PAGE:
Overview GodViews is a provocative and insightful look at the divisions within the church. The author is a notable conservative Presbyterian whose thinking and writing style has many fans on the liberal end as well. Here, Jack Haberer discusses five different concerns of Christians: preservation of truth, promotion of intimacy with God, unity in the church, caring for victims, and welcoming the marginalized.
"GodViews" is a provocative and insightful look at the divisions within the church. The author is a notable conservative Presbyterian whose thinking and writing style has many fans on the liberal end as well. Here, Jack Haberer discusses five different concerns of Christians: preservation of truth, promotion of intimacy with God, unity in the church, caring for victims, and welcoming the marginalized.
Citations And Professional Reviews GodViews by Jack Haberer has been reviewed by professional book reviewers and journalists at the following establishments -
Christianity Today - 06/11/2001 page 99
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Studio: Westminster John Knox Press
Est. Packaging Dimensions: Length: 9.04" Width: 6.02" Height: 0.49" Weight: 0.66 lbs.
Release Date Jan 1, 2001
Publisher PRESBYTERIAN PUBLISHING #86
ISBN 0664501907 ISBN13 9780664501907
Availability 0 units.
More About Jack Haberer
Jack Haberer is a former pastor of Clear Lake Presbyterian Church in Houston, Texas. He is currently editor of the "Presbyterian Outlook".
You'd think that Christians would know instinctively how to get along. Disagree about theology, differ about interpretations, dicker over dogma, sure, but at least stand to be in the same room with one another. All too often, however, it just doesn't work out that way. It is bad enough when folks from different Christian faith traditions argue, but how horrible it is when those from the same background start slinging accusations of demonhood at each other. No wonder the last thing Our Lord said when He was among us in the flesh was a reminder to love one another, He knew how messed up we can be.
C.S. Lewis tried to approach this problem from the direction of showing how much all Christians can agree on, in "Mere Christianity". John Haberer goes at it from a different direction, by talking about the preconceived worldviews, or as he calls them, 'Godviews', the different personality types that come to Jesus. By understanding the five Godviews, someone can see why that other guy at Church Council just won't look at things in the "right" way.
The five Godviews? (The following are my simplifications of Haberer's types.) There are the Confessionalists, who want to discover the Truth, to whom the details of theology are the main expression of faith. The Devotionalists, who hunger for God, who live for the Joy found in prayer and worship. The Ecclesiasts, aka the church builders, who focus on the faith community (further subdivided on those who focus on the local parish, those who focus on the denomination, those who focus on the Universal Body of Christ). The Altruists, who find the call in serving those in need, in serving the Jesus among us. The Activists, those whose call is in establishing justice NOW. No one is purely one of these, but most of us are mostly one of them. Haberer shows us how to recognize the different types and how one type will almost automatically dislike those of a certain other type. Example: A Devotionalist might insist that the parish soup kitchen include prayer and witness before, during, and/or after the food, whereas an Altruist might insist that the food be handed out without a message attached, lest a hungry person avoid the meal for fear of being evangelized. Both are sincere, both are good Christians, and both often think the other is only pretending to be a believer. It is in easing the tensions between Godviews that Haberer's book excells.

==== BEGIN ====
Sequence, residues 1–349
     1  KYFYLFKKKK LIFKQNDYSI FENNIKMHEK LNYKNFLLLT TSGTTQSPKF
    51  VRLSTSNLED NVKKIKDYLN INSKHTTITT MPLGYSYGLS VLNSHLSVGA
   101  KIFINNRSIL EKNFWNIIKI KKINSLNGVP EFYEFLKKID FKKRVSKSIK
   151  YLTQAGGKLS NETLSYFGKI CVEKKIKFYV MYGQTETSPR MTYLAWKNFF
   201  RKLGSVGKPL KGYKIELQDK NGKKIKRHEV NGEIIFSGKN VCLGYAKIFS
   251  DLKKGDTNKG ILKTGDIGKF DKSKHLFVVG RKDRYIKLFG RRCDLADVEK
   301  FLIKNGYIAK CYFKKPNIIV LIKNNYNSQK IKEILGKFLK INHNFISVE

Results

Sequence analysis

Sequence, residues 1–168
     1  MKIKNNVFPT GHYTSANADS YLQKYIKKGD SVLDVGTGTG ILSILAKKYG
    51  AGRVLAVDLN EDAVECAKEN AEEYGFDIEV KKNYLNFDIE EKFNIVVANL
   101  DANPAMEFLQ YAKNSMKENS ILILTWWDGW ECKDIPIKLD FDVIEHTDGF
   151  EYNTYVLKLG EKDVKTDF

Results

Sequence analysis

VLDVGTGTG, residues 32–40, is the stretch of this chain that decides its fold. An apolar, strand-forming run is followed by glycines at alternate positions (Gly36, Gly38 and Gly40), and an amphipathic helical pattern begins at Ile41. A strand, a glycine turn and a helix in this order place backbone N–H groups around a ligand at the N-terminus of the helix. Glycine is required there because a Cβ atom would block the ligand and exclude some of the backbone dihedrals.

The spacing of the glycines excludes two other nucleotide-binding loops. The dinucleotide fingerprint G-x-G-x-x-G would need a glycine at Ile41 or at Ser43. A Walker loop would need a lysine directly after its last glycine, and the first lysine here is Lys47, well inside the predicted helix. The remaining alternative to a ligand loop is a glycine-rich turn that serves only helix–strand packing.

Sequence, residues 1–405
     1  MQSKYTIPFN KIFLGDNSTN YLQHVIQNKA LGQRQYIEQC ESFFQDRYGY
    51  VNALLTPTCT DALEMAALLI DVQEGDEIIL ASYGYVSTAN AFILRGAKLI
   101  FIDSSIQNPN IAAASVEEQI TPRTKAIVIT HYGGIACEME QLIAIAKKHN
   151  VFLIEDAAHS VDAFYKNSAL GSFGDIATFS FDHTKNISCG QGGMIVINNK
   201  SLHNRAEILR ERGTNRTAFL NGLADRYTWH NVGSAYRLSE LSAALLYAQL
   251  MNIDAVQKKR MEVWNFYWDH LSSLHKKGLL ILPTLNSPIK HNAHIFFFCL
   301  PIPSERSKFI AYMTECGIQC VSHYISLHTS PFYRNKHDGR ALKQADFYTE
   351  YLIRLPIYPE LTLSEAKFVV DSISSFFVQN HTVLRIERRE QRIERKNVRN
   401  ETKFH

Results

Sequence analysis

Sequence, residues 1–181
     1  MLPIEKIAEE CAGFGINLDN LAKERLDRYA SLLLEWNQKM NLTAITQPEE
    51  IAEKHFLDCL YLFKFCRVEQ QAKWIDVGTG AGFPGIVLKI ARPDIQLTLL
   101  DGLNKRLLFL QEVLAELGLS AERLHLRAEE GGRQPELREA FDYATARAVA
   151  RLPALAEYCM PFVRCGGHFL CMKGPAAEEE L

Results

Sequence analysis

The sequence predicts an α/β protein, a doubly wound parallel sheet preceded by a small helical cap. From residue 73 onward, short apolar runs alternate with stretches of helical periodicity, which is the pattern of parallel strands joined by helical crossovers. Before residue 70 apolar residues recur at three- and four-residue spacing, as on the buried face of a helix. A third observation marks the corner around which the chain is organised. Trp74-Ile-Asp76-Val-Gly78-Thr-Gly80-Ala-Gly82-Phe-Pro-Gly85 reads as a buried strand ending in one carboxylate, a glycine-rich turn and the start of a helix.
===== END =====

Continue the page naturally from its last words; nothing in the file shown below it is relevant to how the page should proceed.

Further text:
Who can use this book? Anyone in a church which has disagreements about anything, which means just about all of us. If we are going to obey the command to love one another, and avoid the hurtful behavior Saul and Barnabas displayed toward one another when discussing John Mark, we need to know how others look at faith. We will still disagree, this isn't a guide to conflict resolution, but rather a guide to conflict management.